Produced by Georgina Alvaro and Alex Acosta of Lunatica Prods., the documentary chronicles the urban legend of an alleged vampire who terrorized the people of Monteros, Argentina during the 1950s. Florencio Roque Fernández was said to have killed and drank the blood of 15 women.
Acosta hails from San Miguel de Tucumán, Argentina and has made well-received short films “Una Renta Asesina” and “Dr Heller,” which screened at several festivals. He is currently developing feature film projects “Saqra,” aside from “The Window Vampire” “This project is not your typical documentary about killers. It documents the mystery of how the fame of this supposed “vampire” was created and how the media, since the ‘60s, managed to build up a story for which apparently there is no evidence to prove it was real,” said Alvaro.
“Upiro” (Oscar Martin, Elena Muñoz, Spain)
Set in 1755 Spain, a young woman is sent to a cloistered monastery where several novices have been afflicted by a mysterious blood disease. It all points to an ancient tale that the new Enlightenment society would prefer to keep under wraps: a bloodthirsty Upiro (a Slavic word meaning leech, i.e. vampire) has penetrated the monastery.
Madrid-based producer El Ojo Mecanico (“Amigo”), Catalan company Fasten Films (“Inside ‘The Yellow Cocoon Shell,” a Caméra d’Or winner at this year’s Cannes) and Belgian shingle Okayss (“Megalomaniac,” winner of the Fantasia Film Festival 2022) have joined forces to produce the film, a triple winner at Ventana Sur’s 2021 Blood Window.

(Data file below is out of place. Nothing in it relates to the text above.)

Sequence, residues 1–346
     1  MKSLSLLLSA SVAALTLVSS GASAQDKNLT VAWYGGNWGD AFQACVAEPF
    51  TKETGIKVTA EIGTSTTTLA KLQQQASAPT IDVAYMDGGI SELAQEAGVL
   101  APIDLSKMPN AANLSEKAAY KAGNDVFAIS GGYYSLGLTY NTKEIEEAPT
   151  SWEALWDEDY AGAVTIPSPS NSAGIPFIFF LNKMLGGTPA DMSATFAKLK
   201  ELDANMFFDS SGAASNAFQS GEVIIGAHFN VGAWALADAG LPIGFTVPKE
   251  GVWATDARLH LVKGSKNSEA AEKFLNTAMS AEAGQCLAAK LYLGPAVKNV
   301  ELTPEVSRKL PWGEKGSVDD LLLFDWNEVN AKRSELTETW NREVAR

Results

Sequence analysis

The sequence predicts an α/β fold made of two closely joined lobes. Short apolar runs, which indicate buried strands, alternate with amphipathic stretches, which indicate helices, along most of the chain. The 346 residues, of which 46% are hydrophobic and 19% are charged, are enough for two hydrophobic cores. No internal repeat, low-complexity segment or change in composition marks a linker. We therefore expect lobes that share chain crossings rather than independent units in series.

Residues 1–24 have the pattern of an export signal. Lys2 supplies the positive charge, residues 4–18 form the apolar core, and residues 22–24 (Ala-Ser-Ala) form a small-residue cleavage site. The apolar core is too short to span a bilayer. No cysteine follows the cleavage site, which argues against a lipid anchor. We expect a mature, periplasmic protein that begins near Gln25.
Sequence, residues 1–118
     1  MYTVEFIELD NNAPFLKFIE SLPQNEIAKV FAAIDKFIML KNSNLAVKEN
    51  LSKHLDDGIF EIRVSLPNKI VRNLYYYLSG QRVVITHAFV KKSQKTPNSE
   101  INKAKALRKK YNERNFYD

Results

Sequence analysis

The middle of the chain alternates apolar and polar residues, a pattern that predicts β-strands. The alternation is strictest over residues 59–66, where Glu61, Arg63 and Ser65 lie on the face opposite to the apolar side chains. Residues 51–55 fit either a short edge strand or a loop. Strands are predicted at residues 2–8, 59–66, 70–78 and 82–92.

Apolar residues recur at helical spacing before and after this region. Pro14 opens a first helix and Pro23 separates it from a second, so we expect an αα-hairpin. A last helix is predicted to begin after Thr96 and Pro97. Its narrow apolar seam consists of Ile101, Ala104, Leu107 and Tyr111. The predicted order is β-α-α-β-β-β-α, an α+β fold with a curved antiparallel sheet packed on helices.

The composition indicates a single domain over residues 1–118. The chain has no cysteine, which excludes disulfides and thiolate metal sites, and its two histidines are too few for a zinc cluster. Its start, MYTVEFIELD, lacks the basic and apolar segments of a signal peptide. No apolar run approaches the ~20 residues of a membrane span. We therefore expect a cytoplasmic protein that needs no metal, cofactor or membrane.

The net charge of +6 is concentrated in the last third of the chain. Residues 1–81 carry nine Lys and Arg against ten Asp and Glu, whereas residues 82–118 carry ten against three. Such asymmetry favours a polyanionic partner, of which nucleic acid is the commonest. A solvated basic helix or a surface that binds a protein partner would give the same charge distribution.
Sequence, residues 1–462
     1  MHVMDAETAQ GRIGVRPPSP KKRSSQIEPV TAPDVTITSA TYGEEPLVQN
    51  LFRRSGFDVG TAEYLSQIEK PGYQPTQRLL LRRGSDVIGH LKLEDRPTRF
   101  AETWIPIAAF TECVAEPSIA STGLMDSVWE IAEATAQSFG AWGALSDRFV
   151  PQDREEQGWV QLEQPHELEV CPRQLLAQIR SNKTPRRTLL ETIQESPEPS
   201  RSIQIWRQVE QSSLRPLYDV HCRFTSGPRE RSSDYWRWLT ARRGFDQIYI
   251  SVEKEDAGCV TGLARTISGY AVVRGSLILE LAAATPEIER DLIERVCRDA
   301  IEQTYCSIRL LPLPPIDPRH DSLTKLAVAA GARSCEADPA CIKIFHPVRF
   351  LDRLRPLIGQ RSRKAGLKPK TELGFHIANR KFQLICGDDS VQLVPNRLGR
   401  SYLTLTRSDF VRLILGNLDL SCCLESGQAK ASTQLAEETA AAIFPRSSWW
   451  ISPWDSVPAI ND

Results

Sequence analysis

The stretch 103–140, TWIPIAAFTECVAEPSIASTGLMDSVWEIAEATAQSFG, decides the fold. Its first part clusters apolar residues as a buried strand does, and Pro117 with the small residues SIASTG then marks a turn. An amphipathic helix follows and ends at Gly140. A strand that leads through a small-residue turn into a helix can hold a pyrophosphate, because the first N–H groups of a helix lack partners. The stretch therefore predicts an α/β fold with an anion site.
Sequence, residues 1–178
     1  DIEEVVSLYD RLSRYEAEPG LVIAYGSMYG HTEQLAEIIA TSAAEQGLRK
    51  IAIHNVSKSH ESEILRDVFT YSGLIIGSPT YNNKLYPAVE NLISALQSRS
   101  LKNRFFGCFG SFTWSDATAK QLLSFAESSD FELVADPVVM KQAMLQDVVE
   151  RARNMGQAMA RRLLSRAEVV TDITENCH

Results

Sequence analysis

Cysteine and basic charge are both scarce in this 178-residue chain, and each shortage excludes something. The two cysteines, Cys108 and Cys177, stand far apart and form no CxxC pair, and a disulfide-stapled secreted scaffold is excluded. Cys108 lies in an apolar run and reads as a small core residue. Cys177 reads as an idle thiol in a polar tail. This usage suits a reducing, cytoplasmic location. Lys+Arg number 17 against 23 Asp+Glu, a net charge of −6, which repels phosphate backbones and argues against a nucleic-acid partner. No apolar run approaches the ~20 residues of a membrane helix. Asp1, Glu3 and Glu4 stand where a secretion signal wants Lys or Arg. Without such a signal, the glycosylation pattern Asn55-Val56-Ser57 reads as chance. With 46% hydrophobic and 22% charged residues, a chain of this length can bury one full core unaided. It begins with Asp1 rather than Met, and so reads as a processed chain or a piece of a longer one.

Special effects make-up is by Academy Award winners Montse Ribé and David Martí who worked on Ojo Mecanico’s “Amigo.” The 18th century monastery thriller from “Amigo” director Oscar Martín is inspired by actual events that occurred in the south of Spain. “This film freely combines real and fictional characters, representing the conflict between reason and faith which is still alive today. Through current matters, such as the struggle for progress in a regressive country or the traditional role of women in our society, it manages to make an 18th century story appealing for 21st century audiences,” said producer Elena Muñoz.